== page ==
posted on Jul, 13 2009 @ 11:14 PM
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reply to post by lycanlance
 


Odd. No church has ever forced me to believe or attend? I've tried dozens.



posted on Jul, 14 2009 @ 12:20 AM
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Easiest way to answer that, i think, is to look to today's 2nd generation wiccans and neopagans.

IN general, the ones i know are encouraging their kids to study all religions and choose their own paths - since all paths are held to be valid, and proselytization is held as rather immoral...

I know I took my own child to churches and this and that and he hated them all. He's ended up on the pagan side but just not very religious in general. HE can be a tad rigid when he does think about religion, IE he got very upset once when we attended a public ritual that was 'on the wrong day.' He doesn't seem to think much about religion at all except the implications of it - how it seems to cause people to split up.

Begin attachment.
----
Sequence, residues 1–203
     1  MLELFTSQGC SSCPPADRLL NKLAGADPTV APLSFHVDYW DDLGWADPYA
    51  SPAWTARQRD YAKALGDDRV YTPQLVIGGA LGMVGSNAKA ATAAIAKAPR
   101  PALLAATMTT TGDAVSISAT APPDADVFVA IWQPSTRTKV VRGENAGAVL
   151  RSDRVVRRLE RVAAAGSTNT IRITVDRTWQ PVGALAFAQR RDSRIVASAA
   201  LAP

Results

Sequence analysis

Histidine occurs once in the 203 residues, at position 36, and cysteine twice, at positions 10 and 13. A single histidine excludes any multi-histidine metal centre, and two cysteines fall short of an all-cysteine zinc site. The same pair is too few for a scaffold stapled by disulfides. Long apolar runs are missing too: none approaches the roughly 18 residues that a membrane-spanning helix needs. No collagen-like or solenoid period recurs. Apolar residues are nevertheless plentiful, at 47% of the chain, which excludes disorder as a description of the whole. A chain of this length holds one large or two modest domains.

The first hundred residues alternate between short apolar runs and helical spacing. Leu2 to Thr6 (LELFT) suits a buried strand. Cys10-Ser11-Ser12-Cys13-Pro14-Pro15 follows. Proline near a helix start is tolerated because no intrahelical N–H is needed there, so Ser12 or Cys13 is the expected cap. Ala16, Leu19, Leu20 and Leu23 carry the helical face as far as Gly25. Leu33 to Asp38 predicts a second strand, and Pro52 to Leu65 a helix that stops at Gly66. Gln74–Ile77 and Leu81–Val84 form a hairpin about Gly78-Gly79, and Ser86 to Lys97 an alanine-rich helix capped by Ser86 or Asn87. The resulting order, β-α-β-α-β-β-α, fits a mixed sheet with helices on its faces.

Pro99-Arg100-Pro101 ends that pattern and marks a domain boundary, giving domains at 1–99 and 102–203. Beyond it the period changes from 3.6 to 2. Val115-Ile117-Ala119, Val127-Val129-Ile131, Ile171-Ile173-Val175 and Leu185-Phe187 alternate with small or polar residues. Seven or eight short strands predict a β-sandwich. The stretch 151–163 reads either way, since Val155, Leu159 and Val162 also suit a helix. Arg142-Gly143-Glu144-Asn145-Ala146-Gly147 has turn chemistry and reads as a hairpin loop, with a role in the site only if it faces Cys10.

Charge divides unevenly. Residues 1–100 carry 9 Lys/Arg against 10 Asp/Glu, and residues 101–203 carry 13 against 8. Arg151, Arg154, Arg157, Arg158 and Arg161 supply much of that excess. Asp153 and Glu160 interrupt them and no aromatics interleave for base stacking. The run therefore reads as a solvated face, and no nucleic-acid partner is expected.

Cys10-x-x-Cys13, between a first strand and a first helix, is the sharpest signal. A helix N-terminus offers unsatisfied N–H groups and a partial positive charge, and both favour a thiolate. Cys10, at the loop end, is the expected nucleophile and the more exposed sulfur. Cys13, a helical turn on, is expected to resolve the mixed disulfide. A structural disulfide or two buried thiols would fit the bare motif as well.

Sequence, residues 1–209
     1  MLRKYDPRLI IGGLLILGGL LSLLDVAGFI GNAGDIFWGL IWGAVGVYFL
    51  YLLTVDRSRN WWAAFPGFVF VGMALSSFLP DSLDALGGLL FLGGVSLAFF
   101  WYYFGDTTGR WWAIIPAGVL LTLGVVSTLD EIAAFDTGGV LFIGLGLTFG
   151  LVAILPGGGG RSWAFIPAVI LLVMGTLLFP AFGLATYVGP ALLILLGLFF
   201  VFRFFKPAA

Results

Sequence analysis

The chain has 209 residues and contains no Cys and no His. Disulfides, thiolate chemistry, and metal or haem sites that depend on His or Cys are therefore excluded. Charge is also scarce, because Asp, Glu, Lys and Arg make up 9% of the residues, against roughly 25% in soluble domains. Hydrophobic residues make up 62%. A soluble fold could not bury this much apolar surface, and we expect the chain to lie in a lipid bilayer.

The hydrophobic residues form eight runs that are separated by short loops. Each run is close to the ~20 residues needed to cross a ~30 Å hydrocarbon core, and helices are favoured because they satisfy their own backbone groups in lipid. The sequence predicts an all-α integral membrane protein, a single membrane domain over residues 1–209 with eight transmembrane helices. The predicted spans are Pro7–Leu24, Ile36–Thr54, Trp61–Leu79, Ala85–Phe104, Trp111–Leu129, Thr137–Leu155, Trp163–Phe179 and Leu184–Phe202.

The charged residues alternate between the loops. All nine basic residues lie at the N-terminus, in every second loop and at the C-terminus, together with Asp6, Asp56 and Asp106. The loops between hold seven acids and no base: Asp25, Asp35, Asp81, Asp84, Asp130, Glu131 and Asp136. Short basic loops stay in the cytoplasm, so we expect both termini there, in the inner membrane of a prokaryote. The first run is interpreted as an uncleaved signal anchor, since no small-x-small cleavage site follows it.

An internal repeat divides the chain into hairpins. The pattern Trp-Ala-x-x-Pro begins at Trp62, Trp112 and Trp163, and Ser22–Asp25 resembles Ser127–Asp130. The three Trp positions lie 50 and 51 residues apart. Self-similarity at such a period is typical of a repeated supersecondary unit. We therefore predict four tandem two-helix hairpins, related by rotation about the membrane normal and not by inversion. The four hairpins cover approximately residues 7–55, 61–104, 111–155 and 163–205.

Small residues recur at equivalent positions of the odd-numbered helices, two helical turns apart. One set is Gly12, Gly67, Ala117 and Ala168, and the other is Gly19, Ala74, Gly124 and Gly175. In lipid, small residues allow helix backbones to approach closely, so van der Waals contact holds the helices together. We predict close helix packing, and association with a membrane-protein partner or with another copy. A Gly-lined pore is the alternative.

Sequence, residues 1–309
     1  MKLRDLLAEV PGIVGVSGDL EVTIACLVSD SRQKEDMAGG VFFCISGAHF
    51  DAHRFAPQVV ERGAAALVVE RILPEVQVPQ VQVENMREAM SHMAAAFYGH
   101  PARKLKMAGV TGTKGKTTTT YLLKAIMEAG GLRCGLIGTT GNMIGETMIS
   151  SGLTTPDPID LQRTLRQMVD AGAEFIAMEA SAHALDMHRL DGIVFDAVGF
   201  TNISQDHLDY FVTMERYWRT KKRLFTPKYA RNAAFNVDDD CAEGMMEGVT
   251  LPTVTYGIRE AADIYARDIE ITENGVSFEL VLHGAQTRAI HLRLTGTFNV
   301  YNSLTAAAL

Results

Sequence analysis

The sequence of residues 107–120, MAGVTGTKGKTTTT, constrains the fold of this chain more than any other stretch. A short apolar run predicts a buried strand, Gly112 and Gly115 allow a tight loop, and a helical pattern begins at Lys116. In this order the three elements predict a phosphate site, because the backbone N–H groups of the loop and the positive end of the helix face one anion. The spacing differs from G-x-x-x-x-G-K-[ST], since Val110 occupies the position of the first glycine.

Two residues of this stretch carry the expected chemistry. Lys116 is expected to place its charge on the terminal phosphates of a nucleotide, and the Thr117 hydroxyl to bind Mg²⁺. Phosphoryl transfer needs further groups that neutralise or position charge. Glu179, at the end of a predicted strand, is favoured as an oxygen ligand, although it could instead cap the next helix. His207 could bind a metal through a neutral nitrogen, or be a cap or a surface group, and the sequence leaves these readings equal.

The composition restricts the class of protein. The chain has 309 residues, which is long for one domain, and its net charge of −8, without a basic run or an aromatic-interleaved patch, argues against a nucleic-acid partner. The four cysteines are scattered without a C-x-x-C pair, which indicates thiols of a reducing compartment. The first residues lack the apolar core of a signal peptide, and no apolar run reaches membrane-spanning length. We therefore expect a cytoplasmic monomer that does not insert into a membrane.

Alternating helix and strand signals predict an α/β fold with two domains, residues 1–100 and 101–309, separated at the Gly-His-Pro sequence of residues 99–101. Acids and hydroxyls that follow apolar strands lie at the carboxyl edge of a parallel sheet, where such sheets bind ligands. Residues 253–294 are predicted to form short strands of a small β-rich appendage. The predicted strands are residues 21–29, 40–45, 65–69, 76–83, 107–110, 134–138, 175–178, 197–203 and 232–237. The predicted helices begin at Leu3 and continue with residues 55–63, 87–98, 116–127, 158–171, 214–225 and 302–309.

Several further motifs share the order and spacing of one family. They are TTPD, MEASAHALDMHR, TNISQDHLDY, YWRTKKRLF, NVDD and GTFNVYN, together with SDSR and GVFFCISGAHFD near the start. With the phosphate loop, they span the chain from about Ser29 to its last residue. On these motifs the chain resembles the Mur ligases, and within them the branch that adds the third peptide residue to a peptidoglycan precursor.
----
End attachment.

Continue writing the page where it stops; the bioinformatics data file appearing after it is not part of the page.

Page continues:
I imagine if he ever does think about it, he'll just be very confused, which, IMO, is really a rather powerful place to start.



posted on Jul, 14 2009 @ 01:27 AM
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My family never really cared about my religion. But when I had my son, it all started....Are you going to baptize him?? Are you going to CHANGE and start going to church? He needs a good foundation in life. OMG...Seriously? Wait one minute, you are telling me what to do with my child? I think not!
I'm Pagan, have been for 12 years....My husband is Atheist, and we decided before we even got married, that if we had children we would let them choose.

So both sides of our family are Christian, and they want the same things for the only grandchild. Drives me nuts, I have to deal with this everyday. Do you want to bring him to vacation Bible school? Ummm... no I don't. And the more they push, the more I'm skipping over that religion when I teach him about the others. I'm sure that he will understand it anyway with a sunday school teacher for a grandmother. I just never thought that it was going to be so hard. I thought they would let me choose. I was forced to church every Sunday, so why can't I choose now for MY child. And my choice is to let him go wherever his heart guides him.